Battling with History and Characters

I’ve been working on my new novel Lexington. At this point I try and push everything else in my life to the non-essential aside. Yet, I hear that the washer has shut off and yesterday’s clothes are dry and need to be put away. This afternoon I’ll walk to the post office with Sherlock and my husband and try to remember there’s an outside world.

It has been slow going because in the early chapters, I’d write a paragraph and then have to check a historical fact. Ranger Jim, at the Minute Man National Park, has been incredible. also has been a great source and I’ve read several books which fill in the holes of my knowledge…like bread making and leather fire buckets never mind a second Boston Tea Party.

To try not to be distracted by current events, pandemics, surgery, dentist and technical failures which seem to happen at the rate of one a day has been a battle. Never mind changing countries from France to Geneva and back again. At this point, I can’t say I’m winning, but I’m not losing as badly.

Having worked in journalism and corporate communications, I know it is impossible to wait for the right moment to write.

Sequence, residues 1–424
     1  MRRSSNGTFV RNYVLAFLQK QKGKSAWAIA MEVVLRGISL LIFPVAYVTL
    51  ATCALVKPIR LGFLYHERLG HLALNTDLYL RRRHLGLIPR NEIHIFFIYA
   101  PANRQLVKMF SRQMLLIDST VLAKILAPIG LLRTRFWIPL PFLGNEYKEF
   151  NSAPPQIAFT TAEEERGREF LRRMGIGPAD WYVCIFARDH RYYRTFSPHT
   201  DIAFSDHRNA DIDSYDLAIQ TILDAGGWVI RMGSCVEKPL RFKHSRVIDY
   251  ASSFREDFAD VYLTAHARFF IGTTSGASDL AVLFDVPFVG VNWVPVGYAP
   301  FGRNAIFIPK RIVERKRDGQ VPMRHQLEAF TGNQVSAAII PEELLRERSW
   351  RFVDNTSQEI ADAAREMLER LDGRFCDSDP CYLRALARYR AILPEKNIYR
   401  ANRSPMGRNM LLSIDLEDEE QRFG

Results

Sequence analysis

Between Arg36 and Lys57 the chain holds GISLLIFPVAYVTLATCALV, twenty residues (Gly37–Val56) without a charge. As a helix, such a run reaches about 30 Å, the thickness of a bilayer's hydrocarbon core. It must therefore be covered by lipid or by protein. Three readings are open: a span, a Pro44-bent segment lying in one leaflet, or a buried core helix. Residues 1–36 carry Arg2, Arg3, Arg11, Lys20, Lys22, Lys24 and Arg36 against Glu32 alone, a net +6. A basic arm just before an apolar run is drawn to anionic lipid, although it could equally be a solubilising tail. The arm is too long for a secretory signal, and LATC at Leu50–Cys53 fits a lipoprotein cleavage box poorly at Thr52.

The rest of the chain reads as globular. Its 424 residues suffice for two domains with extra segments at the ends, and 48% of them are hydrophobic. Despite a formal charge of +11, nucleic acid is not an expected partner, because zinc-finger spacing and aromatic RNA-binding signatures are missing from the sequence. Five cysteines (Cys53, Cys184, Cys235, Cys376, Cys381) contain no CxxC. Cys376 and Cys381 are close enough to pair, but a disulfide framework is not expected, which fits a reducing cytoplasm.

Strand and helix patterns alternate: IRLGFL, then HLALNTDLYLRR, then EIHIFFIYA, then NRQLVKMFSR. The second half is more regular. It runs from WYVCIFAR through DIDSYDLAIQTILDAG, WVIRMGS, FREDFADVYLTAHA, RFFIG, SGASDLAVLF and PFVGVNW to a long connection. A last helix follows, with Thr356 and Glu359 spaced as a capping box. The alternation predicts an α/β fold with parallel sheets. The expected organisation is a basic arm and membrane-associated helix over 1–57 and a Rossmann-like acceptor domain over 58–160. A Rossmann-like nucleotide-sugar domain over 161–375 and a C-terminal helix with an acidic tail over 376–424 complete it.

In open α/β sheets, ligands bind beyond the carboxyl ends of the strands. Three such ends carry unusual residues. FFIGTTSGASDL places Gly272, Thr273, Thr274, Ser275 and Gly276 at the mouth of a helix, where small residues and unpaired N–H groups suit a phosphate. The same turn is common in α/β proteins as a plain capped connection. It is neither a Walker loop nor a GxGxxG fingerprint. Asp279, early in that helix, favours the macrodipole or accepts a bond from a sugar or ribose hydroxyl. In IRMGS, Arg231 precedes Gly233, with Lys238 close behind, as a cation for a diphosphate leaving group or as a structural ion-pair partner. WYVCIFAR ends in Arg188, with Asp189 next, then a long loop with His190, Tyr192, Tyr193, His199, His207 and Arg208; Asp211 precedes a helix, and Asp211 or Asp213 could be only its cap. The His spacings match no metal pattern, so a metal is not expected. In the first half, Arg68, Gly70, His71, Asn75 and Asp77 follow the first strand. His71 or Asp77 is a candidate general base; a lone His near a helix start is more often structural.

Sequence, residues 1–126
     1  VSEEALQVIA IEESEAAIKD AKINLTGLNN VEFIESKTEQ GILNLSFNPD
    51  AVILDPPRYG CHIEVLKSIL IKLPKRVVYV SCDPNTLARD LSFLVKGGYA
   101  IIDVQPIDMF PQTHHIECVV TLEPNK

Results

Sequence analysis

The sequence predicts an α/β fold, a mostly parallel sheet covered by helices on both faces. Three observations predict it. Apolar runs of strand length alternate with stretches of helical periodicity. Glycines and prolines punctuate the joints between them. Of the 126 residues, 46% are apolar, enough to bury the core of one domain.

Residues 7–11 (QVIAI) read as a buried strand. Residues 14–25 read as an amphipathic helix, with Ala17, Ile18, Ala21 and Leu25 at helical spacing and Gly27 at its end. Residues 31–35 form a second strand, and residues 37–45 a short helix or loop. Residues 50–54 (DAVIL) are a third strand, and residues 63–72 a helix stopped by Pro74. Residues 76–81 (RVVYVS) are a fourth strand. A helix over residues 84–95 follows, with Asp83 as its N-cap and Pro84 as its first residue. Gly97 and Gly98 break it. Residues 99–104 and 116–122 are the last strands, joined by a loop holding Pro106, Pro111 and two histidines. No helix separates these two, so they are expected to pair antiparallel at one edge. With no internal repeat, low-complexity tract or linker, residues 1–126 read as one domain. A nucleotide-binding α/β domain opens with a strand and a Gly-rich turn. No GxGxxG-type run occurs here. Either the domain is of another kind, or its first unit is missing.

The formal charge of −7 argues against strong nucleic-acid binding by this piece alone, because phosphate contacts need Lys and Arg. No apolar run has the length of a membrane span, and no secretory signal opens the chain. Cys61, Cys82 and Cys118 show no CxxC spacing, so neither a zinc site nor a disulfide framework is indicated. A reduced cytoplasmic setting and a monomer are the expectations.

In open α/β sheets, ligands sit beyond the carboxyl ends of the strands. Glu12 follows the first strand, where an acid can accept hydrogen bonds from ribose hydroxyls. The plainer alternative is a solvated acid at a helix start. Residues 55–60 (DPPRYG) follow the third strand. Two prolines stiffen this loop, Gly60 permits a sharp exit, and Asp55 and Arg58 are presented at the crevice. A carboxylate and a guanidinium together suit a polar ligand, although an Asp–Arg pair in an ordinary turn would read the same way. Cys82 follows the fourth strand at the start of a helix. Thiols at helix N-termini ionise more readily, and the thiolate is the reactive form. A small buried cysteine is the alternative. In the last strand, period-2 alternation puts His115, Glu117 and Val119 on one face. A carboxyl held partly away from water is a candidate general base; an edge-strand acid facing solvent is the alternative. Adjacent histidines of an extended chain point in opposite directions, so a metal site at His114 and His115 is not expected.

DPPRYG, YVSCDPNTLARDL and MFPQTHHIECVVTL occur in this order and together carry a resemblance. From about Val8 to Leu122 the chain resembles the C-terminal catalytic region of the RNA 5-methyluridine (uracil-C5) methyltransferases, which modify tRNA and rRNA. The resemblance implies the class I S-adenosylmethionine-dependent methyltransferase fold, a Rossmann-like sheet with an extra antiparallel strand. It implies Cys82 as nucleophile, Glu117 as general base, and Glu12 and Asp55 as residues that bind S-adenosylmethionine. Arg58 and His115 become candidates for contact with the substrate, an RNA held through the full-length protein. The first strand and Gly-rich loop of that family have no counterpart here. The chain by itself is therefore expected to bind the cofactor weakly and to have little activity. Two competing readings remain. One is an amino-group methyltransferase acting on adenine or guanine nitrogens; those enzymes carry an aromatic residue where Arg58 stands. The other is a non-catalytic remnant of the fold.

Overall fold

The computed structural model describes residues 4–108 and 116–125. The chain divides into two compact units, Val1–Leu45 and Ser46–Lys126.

I’m in the middle of writing Lexington, about the unknown British soldier buried at the Lexington battlefield, which ignited the American Revolution. The characters, some real, and some fictional, are constantly in my mind. Here’s some of the things that I keep thinking about.

“So how big a role am I going to play in this novel,” Mollie Clark is asking me. Mollie is the widowed daughter of the publisher of one of the most influential newspapers against the British occupation.

“I do like Mollie, but am I being disloyal to my poor dead wife?” James asks. He’s with the 43rd Regiment of Foot and has only been in Boston since summer 1774. I’ve made James my main character.

“Where did those damn cannons go?” General Gage worries. I wish I could have found a biography of the General, but to date I haven’t.

“I’ll sell out the patriots to the English army,” Dr. Benjamin Church says, “but I don’t think the Sons of Liberty are aware.” Dr. Church was a real traitor to the patriots. The conversations he has with General Gage are a product of my imagination, although very close to what he wrote the General.

Daphne is beginning to discover her bridegroom Gareth, the Boston British Counsel, is not the man she thought he was as she’s working on a comic book with Florence DuBois, the Boston French Counsel’s wife. That’s for the modern part of the novel. At first, I wasn’t going to have a modern character, but Daphne kept popping into my mind. It will give me a chance to put in events after the battle.

Today, I’ll put Mollie on center stage right after I polish the chapter where Daphne and Florence plan their next step of their comic book as they eat red velvet cupcakes in a Lexington tearoom.